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Notable New     Yorkers
Select     Notable New Yorker

Frances PerkinsFrances Perkins
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contact with. They were no more interested in it than any other Americans who were interested in what happened in the world. There was undoubtedly considerable interest in it in the unions known as the clothing trade unions - the International Ladies Garment Workers and the Amalgamated Clothing Union. In both of those, of course, there were a considerable number of Russians who had been exiles, either selfchosen, of because they had to get out from under the pogroms that had taken place earlier. They naturally were very much interested. There was always a very strong Socialist group in both those unions who knew the meanings of whatever these revolutionary ideas were that came out of the Marxian dialectic. They were probably very much concerned, but those unions were not awfully important in 1917. They hadn't yet risen to be the unions that were consulted about everything. Whatever rows and political excitements they had, they had within their own union. But one heard rumblings that within their unions there was a great difference of opinion as to whether the Russian Revolution was properly run or not.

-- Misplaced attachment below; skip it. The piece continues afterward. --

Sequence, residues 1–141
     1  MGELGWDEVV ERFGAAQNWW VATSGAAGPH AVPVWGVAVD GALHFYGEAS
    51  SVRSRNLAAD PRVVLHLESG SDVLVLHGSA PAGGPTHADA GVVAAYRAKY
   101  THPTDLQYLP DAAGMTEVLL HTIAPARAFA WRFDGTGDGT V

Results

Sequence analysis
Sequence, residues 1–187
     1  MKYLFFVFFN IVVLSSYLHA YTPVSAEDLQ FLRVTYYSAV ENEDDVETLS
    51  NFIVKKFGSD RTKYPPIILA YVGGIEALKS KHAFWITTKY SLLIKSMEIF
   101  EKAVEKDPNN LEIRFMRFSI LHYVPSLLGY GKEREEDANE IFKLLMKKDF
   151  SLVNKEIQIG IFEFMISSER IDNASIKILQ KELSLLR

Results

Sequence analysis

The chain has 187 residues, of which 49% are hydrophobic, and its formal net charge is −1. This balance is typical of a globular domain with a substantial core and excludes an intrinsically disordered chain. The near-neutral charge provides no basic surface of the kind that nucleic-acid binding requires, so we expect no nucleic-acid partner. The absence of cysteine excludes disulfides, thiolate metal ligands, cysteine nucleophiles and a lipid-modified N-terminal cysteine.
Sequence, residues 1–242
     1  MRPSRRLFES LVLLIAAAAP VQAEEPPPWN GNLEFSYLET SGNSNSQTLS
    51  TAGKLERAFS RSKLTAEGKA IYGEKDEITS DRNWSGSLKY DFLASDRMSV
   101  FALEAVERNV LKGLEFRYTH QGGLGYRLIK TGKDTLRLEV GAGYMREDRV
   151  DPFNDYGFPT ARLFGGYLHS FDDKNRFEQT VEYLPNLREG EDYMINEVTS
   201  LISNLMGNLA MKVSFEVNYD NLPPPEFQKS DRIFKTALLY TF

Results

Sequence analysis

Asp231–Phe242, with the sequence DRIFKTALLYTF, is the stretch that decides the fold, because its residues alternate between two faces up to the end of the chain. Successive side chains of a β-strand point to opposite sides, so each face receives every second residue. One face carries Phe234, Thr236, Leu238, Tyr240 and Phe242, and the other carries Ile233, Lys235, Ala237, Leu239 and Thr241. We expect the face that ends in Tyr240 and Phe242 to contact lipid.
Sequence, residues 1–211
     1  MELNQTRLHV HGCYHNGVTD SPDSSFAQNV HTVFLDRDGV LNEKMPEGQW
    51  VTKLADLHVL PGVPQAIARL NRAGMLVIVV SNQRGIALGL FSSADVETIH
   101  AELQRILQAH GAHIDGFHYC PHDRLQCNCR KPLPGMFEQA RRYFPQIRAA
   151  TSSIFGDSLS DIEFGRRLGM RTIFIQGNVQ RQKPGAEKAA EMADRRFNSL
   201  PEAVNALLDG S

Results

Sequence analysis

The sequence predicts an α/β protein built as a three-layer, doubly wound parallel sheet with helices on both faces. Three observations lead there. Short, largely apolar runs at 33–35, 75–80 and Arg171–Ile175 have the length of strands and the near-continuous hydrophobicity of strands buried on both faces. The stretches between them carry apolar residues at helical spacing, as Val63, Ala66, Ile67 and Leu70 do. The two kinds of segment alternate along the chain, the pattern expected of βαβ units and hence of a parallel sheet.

A few months later the Bolsheviks, the minority party in the revolutionary movement, pushed out the Miliukov and Kerensky group and took over themselves.

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